A New Non-Invasive Alzheimer’s Disease Diagnosis Has Been Discovered

A New Non-Invasive Alzheimer’s Disease Diagnosis Has Been Discovered
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A collaboration of Japanese and Spanish scientists sheds new light on the primary brain alterations induced by Alzheimer’s Disease. The results, recently published in the journal Brain, describe a new series of biomarkers that characterize the initial stages of the disease when no cognitive impairment is yet apparent.

In the case of Alzheimer’s disease, it is known that the first signs of the disease occur around 20-25 years before the appearance of the first cognitive symptoms. These initial alterations consist of abnormal accumulations of a certain type of proteins in the brain (amyloid plaques and neurofibrillary tangles) that are only detectable by highly invasive techniques for the patient, such as lumbar puncture or positron emission tomography scan (PET).

The investigation, framed within a bigger project of the study of the aging sponsored by the Government of Japan, consisted in the analysis of the brain activity at rest of 38 cognitively healthy people and 28 patients with mild cognitive impairment.

In addition to this study and the evaluation of the participants’ cognitive status, all participants underwent MRI and PET scans, so that all of them knew the degree of structural integrity, the level of beta-amyloid plaque accumulation, and the metabolic consumption of their brains.

Based on cognitive status, participants were separated into healthy subjects and patients with mild cognitive impairment (MCI)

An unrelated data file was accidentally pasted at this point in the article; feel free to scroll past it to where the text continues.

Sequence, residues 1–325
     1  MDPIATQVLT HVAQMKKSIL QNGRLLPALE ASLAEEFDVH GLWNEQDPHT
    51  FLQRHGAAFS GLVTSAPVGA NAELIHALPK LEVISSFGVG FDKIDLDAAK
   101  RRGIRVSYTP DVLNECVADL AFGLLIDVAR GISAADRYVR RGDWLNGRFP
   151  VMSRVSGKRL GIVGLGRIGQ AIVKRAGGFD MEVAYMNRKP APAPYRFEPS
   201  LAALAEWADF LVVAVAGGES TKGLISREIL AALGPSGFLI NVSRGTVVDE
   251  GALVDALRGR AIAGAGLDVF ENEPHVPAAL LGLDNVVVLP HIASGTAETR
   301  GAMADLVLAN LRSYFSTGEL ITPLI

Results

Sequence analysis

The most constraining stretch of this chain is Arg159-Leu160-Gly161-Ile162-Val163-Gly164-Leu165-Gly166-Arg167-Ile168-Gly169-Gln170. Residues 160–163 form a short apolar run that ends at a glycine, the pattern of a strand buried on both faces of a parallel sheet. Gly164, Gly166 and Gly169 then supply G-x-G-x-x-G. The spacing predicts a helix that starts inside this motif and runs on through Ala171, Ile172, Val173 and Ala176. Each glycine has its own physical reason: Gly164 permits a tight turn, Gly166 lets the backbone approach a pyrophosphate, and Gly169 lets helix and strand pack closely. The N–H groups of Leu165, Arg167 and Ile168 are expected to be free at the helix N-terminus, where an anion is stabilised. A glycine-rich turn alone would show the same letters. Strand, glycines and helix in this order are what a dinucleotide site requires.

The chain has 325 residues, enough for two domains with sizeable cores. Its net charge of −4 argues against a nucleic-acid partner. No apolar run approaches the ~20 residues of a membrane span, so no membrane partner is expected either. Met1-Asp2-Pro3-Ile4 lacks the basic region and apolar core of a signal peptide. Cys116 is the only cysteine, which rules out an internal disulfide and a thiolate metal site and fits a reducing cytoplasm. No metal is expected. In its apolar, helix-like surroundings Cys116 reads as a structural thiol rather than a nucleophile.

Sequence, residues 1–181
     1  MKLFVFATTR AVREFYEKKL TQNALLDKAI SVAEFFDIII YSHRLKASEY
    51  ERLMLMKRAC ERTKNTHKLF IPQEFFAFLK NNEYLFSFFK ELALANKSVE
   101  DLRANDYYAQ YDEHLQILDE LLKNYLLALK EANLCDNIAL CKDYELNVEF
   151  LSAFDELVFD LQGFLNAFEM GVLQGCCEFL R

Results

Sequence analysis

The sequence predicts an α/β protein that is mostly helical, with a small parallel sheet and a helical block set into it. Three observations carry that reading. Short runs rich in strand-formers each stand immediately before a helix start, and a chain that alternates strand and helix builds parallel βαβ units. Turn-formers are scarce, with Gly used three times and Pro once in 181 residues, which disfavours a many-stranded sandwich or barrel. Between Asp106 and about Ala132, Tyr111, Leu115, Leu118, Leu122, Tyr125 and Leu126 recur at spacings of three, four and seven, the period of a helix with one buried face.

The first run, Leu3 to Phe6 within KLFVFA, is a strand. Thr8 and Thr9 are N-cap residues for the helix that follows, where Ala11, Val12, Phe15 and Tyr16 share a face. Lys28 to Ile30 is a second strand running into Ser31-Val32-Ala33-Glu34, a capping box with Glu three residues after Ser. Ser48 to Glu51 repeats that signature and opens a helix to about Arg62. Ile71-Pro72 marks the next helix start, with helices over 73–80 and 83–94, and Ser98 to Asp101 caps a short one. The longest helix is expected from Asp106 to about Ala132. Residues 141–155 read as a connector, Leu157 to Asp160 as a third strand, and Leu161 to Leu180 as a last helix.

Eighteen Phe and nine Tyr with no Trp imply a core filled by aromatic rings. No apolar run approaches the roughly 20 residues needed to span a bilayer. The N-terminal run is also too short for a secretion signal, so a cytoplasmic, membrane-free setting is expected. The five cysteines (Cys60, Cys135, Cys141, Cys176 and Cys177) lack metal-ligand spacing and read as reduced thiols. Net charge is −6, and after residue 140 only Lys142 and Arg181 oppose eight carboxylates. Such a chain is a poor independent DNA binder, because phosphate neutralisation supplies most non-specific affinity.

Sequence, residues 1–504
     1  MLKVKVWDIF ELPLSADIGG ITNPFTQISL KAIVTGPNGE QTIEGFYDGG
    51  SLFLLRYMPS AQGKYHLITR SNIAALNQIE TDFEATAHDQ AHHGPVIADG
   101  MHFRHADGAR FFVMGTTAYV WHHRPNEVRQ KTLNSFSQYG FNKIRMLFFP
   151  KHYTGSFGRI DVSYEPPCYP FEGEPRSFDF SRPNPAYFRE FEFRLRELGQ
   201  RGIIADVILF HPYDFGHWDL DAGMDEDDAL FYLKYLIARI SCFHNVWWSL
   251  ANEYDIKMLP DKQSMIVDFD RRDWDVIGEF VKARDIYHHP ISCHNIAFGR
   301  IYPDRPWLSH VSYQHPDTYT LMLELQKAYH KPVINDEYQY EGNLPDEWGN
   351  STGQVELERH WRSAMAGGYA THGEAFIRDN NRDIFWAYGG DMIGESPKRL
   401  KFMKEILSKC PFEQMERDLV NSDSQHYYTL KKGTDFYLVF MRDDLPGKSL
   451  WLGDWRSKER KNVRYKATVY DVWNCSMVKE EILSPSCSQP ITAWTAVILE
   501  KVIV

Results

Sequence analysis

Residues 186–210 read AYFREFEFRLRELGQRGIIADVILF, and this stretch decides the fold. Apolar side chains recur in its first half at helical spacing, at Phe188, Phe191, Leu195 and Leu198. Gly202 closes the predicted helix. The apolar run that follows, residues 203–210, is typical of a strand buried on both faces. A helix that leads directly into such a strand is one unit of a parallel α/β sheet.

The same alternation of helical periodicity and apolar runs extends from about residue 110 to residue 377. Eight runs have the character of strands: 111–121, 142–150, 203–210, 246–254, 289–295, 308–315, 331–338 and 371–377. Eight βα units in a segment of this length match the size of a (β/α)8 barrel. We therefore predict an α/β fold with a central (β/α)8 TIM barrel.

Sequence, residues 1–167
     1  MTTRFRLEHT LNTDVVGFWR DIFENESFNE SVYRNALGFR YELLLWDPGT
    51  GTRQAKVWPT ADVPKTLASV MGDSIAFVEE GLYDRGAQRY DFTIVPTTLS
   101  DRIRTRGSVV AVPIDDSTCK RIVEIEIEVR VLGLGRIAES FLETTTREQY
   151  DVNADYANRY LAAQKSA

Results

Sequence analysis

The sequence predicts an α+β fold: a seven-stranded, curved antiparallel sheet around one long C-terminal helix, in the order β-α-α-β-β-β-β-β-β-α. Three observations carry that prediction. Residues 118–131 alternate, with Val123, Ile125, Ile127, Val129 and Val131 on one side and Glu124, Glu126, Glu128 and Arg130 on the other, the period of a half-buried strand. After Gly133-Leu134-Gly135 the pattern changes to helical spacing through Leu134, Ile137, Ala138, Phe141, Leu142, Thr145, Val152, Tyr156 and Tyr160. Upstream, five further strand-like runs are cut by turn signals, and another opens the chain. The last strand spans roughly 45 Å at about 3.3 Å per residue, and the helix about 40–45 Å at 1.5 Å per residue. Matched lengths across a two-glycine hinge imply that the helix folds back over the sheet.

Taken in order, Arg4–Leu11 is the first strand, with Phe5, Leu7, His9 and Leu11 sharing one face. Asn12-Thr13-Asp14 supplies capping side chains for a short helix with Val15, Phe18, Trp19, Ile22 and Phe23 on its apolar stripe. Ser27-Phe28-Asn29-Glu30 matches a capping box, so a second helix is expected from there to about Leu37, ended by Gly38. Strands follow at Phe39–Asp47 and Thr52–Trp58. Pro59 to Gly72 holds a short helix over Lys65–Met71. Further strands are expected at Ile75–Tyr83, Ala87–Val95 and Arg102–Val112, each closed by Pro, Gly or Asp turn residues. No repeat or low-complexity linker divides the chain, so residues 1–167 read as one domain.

The 2 groups were, in turn, split into other 2 categories, depending on the information obtained from the MRI and PET analyzes, namely “Positive” (presented neurobiological abnormalities related to Alzheimer’s disease) and “Negative” (no abnormalities detected).

The results of the analyzes showed that it is possible to distinguish between the 4 groups using only the information obtained from a simple scan. In particular, the electrophysiological activity of the frontal region of the brain was shown to be fundamental when classifying the subjects of the different groups.

Participants with neuropathological abnormalities related to Alzheimer’s Disease showed a greater high-frequency brain oscillatory activity in the frontal region of the brain than those without evidence of these abnormalities.

Additionally, the positive MCI patients, in turn, showed greater oscillatory activity at low frequency than the positive healthy subjects, constituting an increase in a marker of the progression of the Alzheimer’s Disease, according to the researchers.


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